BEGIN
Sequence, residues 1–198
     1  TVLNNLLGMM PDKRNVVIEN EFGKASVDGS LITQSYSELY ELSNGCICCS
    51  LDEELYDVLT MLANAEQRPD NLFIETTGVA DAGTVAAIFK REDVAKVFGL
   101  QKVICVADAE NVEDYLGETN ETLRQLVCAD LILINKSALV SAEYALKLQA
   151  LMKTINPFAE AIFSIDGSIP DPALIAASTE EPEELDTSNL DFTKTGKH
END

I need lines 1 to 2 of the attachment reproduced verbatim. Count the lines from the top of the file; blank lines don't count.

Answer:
Sequence, residues 1–198
     1  TVLNNLLGMM PDKRNVVIEN EFGKASVDGS LITQSYSELY ELSNGCICCS